the cruel words we say

Contempt is one of the biggest indicators that a couple will break up eventually. It’s termed one of the Four Horsemen in respect to divorce. The other three are criticism, defensiveness, and stonewalling. The other three also make more intuitive sense. We critique those we love because we want them to be the best they can be, but taking it too far means not really loving them for who they are, but who we want them to be. Defensiveness is a sign of distrust; we find tidbits offensive and feel the need to defend ourselves without realizing that they possibly didn’t mean offense at all. Stonewalling is refusing to engage with the person you’re angry with at all, sort of hoping it just goes away without you dealing with it. All of these make sense because it deals with mistrust and miscommunication.

The Four Horsemen are popular fellows, not just in romantic relationships but all relationships. There’s different theories to why we react in such ways to people who are close to us, but I would guess a lot of it comes from uncertainty. We criticise because we are afraid they will see the flaws in us, so we remind them they are flawed too. We are so uncertain about what they mean, we find things to become defensive about. We stonewall because we don’t know how to deal with the emotions and hope it just sort of resolves on its own. There might be a whole slew of why we do these things, but it’s not healthy to act in these ways because we aren’t solving anything– we’re making it easier to give up.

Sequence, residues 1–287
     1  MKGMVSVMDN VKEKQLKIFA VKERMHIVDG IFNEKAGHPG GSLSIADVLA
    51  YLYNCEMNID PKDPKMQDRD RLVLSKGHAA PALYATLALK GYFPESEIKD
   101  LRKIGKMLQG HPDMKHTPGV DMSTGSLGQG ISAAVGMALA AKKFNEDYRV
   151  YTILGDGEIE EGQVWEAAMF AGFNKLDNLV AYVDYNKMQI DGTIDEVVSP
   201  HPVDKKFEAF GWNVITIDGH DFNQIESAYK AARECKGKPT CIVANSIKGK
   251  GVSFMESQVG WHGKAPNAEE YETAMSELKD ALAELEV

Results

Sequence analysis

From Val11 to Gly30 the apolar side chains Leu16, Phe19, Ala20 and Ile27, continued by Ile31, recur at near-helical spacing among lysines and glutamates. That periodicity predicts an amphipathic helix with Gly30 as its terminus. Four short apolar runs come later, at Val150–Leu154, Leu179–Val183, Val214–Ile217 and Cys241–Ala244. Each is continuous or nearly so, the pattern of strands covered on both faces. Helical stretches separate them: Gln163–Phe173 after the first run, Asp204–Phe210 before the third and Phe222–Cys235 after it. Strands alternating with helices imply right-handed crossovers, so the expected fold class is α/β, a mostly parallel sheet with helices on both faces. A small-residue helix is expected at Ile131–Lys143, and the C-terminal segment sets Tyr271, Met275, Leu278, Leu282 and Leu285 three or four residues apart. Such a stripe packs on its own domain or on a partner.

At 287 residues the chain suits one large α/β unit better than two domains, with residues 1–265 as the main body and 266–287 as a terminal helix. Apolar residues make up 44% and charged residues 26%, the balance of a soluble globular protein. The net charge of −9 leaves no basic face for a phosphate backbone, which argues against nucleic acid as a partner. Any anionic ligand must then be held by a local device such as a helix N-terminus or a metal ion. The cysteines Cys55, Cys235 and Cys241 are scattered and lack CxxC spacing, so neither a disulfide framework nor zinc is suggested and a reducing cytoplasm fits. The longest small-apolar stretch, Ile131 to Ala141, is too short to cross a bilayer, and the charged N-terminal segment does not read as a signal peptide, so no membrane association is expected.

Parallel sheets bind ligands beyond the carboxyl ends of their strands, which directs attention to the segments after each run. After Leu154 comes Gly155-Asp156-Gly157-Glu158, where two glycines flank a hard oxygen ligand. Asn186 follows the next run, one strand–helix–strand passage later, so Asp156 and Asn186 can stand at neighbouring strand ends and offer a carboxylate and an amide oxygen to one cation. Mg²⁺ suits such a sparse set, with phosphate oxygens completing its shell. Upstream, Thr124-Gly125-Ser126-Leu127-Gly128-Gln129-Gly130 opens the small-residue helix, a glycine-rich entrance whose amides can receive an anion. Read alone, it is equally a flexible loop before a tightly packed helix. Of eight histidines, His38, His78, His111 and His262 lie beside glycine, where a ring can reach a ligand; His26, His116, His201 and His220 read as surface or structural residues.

Yet contempt is a funny emotion, one we don’t know a lot about. It makes sense to have problems trusting another person because you want to but also don’t want to be hurt. The question with contempt is, why hate someone you are in such a close bond with? What’s the source there? Is it mistrust? And yet we can trust people and still loathe them. Contempt, if I might suggest, could be a result of a non-confrontation. If you ridicule someone who matters to you, you’re doing it for a reason. It might not come to one’s mind easily, most certainly isn’t the petty little thing want to call out, but it is there.

In terms of contempt, I think it’s really important to be honest with yourself. Being cruel doesn’t solve a relationship’s problems, no matter who is in that relationship. If you can’t seem to stop yourself, then ask yourself why you’re still there. It’s important to be able to trust and communicate with others, and that’s never going to stop being a challenge. However, you also need to trust yourself and know where the line is. It’s simple to be contemptuous, but the best bonds aren’t simple; they are strong.

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